White House threatens veto of CISPA bill

Cyber Intelligence Sharing and Protection Act bill fails to provide adequate privacy protections, Executive Office says

The White House today threatened a veto of the controversial Cyber Intelligence Sharing and Protection Act (CISPA) if the bill reaches President Obama's desk in its present form.

In a statement issued Wednesday afternoon, the Executive Office of the President expressed concern over the lack of privacy safeguards in the CISPA bill and said it "strongly opposes" H.R. 3523 as written.

"H.R. 3523 effectively treats domestic cybersecurity as an intelligence activity and thus, significantly departs from longstanding efforts to treat the Internet and cyberspace as civilian spheres," the statement read. If the bill was presented to the President, "his senior advisors would recommend that he veto the bill."

The White House veto threat comes on the eve of a scheduled vote on the bill in the House on Thursday. The threat is not entirely unexpected. Last week, a spokeswoman from the White House National Security Council had already expressed the Executive Office's concerns over it.

Rep. Mike J. Rogers (R-Mich.) and Rep. C.A. Dutch Ruppersberger (D-Md.) introduced CISPA in the U.S. House of Representatives last November.

Backers say the bill aims to improve Internet security by making it easier for Internet Service Providers (ISPs) and Internet companies such as Google and Facebook to collect and share a wide range of threat-related data with government security agencies.

CISPA would let Internet companies monitor and collect any user information they think poses a threat to their networks or systems. The bill would also let these companies share the collected information with the NSA and other federal agencies. Companies that share such information would enjoy a high degree of legal immunity for their actions.

Privacy advocates, rights groups and several lawmakers have expressed considerable alarm over the information sharing bill, and have said it would enable unprecedented surveillance of online activities under the pretext of cybersecurity.

Groups such as the Electronic Frontier Foundation and the American Civil Liberties Union have noted that the bill would allow companies to collect and share all kinds of personal information with the government, without any judicial oversight. They have claimed the bill will allow government and law enforcement agencies to do an end-run around the privacy protections offered by statutes such as the Federal Wiretap Act and the Electronic Communications Privacy Act.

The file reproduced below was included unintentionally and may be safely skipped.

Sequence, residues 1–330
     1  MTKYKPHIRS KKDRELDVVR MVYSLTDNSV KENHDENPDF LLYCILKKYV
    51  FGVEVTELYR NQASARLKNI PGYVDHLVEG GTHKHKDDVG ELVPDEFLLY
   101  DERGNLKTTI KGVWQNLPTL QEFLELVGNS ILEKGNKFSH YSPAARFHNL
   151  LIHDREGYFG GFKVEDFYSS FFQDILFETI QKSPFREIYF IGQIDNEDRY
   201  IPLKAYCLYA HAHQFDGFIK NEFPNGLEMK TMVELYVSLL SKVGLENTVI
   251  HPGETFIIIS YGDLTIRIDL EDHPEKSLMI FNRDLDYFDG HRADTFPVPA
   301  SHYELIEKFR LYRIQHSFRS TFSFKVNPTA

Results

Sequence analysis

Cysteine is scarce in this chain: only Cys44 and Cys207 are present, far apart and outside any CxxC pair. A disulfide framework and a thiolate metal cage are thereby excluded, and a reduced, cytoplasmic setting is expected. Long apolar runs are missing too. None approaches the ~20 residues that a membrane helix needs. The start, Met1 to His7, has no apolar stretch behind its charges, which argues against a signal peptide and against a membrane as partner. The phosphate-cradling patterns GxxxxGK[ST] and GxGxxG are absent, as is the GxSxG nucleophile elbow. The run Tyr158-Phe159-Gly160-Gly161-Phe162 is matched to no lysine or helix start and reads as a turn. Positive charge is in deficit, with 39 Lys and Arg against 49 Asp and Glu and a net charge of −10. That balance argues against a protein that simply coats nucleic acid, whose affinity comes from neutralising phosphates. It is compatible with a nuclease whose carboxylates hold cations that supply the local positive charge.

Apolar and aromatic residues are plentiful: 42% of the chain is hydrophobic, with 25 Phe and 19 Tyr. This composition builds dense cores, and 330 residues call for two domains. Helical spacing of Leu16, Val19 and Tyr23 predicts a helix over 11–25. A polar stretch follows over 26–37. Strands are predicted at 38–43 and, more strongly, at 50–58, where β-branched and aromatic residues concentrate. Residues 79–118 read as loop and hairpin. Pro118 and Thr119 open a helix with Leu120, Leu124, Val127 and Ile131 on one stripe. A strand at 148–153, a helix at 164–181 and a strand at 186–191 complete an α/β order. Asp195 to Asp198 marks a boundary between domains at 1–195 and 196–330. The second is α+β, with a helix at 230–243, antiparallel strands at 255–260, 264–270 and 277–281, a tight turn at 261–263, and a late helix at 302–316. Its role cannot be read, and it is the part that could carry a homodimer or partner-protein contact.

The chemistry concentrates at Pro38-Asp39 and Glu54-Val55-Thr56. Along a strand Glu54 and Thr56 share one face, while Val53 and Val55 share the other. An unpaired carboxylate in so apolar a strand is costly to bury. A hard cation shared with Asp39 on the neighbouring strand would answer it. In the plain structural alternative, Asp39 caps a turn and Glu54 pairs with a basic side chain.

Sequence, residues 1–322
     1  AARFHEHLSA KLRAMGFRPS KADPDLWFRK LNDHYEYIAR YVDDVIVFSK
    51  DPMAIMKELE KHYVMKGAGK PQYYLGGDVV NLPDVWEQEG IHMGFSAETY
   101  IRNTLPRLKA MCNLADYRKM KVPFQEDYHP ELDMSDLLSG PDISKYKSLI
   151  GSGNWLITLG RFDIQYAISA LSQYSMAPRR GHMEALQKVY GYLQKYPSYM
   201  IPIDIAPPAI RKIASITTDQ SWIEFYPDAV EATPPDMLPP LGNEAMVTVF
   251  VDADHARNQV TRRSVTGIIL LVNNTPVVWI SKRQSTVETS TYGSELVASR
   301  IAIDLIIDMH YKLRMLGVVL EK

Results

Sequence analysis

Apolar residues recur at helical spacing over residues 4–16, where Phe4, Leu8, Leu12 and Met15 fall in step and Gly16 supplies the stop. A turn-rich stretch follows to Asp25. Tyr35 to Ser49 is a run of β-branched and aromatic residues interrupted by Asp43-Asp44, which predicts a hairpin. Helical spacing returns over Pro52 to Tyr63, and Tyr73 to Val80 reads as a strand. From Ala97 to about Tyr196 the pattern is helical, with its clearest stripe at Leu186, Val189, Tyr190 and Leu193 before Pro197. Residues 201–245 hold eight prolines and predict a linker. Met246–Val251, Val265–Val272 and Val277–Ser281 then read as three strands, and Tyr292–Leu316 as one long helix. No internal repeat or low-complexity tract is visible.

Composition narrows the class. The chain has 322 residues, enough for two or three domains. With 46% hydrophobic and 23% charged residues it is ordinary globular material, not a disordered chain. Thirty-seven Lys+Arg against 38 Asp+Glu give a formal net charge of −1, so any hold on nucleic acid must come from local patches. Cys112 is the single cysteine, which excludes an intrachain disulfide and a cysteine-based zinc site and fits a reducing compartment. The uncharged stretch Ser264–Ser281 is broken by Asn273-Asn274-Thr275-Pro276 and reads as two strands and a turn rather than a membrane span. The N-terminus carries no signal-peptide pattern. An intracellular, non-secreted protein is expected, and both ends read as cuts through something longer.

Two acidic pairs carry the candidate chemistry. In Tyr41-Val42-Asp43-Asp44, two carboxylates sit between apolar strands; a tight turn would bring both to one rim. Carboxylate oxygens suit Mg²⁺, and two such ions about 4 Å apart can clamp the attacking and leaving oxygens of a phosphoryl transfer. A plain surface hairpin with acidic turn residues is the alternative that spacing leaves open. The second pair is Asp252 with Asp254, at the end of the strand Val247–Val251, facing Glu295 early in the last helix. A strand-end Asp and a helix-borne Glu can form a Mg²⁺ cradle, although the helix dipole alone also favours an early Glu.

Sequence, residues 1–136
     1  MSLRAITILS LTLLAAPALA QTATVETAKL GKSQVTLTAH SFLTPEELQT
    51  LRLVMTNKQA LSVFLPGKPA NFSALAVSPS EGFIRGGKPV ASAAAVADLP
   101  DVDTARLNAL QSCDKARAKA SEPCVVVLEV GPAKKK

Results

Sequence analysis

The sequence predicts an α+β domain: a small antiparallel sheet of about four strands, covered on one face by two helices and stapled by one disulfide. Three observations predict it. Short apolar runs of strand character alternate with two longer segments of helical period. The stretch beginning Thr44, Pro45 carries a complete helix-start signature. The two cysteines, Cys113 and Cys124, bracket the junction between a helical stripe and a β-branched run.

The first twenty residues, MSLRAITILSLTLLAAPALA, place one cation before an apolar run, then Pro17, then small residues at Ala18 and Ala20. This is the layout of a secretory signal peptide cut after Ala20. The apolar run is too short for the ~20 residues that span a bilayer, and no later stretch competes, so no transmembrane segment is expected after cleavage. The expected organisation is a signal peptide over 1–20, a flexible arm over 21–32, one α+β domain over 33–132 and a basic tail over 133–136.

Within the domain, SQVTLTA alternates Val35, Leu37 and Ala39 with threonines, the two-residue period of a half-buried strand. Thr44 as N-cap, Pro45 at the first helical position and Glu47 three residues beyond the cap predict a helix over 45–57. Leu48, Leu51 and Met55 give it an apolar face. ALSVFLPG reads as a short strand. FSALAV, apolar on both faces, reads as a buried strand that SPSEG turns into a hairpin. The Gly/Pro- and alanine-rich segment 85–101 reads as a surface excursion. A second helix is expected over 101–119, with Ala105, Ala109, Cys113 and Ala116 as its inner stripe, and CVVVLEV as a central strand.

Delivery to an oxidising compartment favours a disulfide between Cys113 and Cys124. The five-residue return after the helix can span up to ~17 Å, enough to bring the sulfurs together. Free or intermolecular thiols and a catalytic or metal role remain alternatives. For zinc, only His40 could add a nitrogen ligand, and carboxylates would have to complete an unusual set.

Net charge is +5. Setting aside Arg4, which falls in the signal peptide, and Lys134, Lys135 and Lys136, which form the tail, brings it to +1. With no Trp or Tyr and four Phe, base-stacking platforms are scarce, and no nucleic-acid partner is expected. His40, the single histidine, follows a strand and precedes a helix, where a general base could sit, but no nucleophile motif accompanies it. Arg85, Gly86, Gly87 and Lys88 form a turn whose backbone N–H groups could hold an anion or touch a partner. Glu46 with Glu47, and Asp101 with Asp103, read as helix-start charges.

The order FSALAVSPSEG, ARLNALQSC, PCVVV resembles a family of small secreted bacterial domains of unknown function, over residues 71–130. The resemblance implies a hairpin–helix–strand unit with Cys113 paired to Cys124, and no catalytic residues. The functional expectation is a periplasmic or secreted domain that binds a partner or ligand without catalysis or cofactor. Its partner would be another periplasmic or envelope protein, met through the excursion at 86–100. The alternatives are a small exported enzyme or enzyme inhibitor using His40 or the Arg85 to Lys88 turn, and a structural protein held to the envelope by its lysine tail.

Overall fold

One aspect of the bill that has raised particular alarm is a provision that would allow information collected for cybersecurity reasons to be also used by the NSA and others agencies for a wide range of unrelated national security purposes.

The mounting outcry against the bill has prompted some proposed revisions by members of the House Intelligence Committee. The proposed amendments include one that would narrow the definition of the information that can be collected and shared with the government. Another prohibits the bill to be used for monitoring copyright and intellectual property violations. A third one would require an annual review of how shared information is used by the NSA and other agencies.

Opponents, however, have contended the proposed changes don't go far enough, especially because CISPA would still allow private companies to share Internet user data with the NSA.

The White House statement today focused in on those same concerns. "The bill would allow broad sharing of information with governmental entities without establishing requirements for both industry and the Government to minimize and protect personally identifiable information," the statement said.

The bill fails to limit the sharing of personal information and does not have any restrictions on how collected data can be used. It also inappropriately shields private companies in situations where they might improperly collect and share information on a user's legal Internet activities, the statement cautioned. "This broad liability protection not only removes a strong incentive to improving cybersecurity, it also potentially undermines our Nation's economic, national security, and public safety interests."

"Without clear legal protections and independent oversight, information sharing legislation will undermine the public's trust in the Government as well as in the Internet by undermining fundamental privacy, confidentiality, civil liberties, and consumer protections," the White House said.

Jaikumar Vijayan covers data security and privacy issues, financial services security and e-voting for Computerworld. Follow Jaikumar on Twitter at @jaivijayan or subscribe to Jaikumar's RSS feed. His e-mail address is jvijayan@computerworld.com.

See more by Jaikumar Vijayan on Computerworld.com.

Read more about privacy in Computerworld's Privacy Topic Center.

Copyright © 2012 IDG Communications, Inc.

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